Following a month of testing and real-world use, I decided earlier this week to rope Airmail into my workflow as my main (and only) e-mail programme across all my devices. Airmail is a sharp and powerful app from Italian design and development studio, Bloop. For anyone who maintains a certain manner of working with tools that they use regularly, it is understandable that adding new tools — or replacing old ones around which your habits have long since formed — can be too huge a step. This new tool, whatever it is, has to offer something compelling to justify its use because, while it may offer a fun new feature, what is important is to recognise that it demands from the user, more than anything, is a certain level of dedication and investment — particularly of our time and our patience as we develop new habits around new tools.
In this light, Airmail (for iOS and Mac) is a tool that has won me over and so well that I have initiated it into my daily workflow. In other words, I will start out by recommending that the app is worth trying out, and my conclusion is that it is wonderful. The rest of this review, therefore, is meant to tell you why.
The troubles of multiple inboxes
As I have stated several times in the past, Apple’s stock Mail.app is good enough for most people — including me until a couple of years. Having moved to a completely different e-mail management now involving four addresses, I found the stock app limiting. For example, there is no quick way to tell which address an e-mail arrived at while looking through the unified inbox. Also, folder management is obsolete at best. My workflow invovlves three folders: references, to-do, and archival. While unwanted e-mails go to the bin, a majority of read e-mails almost always end up in the archival — or what Google calls the “All mail” lable. This is possible because my IMAP addresses with paltry 500MB storages are set up to forward to corresponding, dedicated Gmail accounts for ease of use and the 15GB space that comes free with every Google account. Some e-mails I may need for reference in the future are filed under “References” and those on which I need to take action are filed under “To-do”.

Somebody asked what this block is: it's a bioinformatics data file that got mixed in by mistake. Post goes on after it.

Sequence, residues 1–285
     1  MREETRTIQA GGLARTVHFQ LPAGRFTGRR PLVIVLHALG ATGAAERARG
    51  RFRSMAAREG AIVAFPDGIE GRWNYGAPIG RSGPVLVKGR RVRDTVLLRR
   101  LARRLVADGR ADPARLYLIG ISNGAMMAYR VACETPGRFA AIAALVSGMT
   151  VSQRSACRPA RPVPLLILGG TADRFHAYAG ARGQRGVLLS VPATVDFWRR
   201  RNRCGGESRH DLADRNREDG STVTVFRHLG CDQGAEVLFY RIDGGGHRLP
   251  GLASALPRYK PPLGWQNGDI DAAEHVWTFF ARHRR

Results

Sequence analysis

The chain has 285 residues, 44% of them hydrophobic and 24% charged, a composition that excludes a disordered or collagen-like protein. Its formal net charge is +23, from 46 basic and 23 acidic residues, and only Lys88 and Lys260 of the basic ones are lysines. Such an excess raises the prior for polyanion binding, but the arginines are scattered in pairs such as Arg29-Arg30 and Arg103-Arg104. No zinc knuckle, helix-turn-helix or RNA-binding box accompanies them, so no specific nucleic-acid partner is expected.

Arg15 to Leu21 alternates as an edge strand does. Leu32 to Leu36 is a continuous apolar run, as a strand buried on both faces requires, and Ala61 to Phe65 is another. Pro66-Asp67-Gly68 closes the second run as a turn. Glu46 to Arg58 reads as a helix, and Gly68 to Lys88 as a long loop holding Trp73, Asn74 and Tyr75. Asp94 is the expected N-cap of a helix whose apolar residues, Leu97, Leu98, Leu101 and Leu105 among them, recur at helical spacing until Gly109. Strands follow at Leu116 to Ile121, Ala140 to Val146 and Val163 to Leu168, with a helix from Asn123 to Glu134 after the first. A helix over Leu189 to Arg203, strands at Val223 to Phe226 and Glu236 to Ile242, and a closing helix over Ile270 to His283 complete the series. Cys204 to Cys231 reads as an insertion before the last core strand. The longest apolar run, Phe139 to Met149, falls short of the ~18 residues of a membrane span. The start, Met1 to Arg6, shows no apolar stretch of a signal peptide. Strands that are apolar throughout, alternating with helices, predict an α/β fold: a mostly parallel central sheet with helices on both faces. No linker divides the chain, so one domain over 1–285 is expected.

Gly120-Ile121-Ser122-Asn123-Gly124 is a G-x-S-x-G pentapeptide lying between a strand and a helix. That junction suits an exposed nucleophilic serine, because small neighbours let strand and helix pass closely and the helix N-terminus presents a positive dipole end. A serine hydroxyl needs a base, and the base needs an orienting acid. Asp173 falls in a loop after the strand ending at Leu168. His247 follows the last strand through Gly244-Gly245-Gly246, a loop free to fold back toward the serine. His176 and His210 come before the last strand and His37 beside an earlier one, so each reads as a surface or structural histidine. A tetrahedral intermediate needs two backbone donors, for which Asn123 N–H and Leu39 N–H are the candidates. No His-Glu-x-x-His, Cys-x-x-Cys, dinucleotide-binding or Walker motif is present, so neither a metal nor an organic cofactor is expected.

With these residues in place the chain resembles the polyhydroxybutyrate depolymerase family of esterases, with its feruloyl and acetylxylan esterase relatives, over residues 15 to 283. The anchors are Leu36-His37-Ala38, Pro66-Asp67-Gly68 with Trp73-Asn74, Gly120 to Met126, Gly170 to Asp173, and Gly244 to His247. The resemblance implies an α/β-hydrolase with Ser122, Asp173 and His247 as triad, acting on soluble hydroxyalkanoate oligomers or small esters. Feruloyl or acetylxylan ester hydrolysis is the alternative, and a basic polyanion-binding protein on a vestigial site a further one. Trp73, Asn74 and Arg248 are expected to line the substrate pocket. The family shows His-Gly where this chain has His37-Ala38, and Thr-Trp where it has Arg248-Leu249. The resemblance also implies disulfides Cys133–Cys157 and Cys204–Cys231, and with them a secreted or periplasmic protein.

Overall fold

This is great for a single account, but when you have multiple accounts involved the only way to maintain this workflow is with three such folders in each account, which means, in my case, I end up referencing eight folders every time, especially if I do not recall which address an e-mail came to. Unlike a lot of people, I dislike smart folders and smart e-mail sorting; I prefer to manually handle things myself. And this is where Airmail comes in, tying in fully and vigorously with the idea of manually controlling your inbox. That means you have zero smart features but near-infinite, close control over every nook and cranny instead.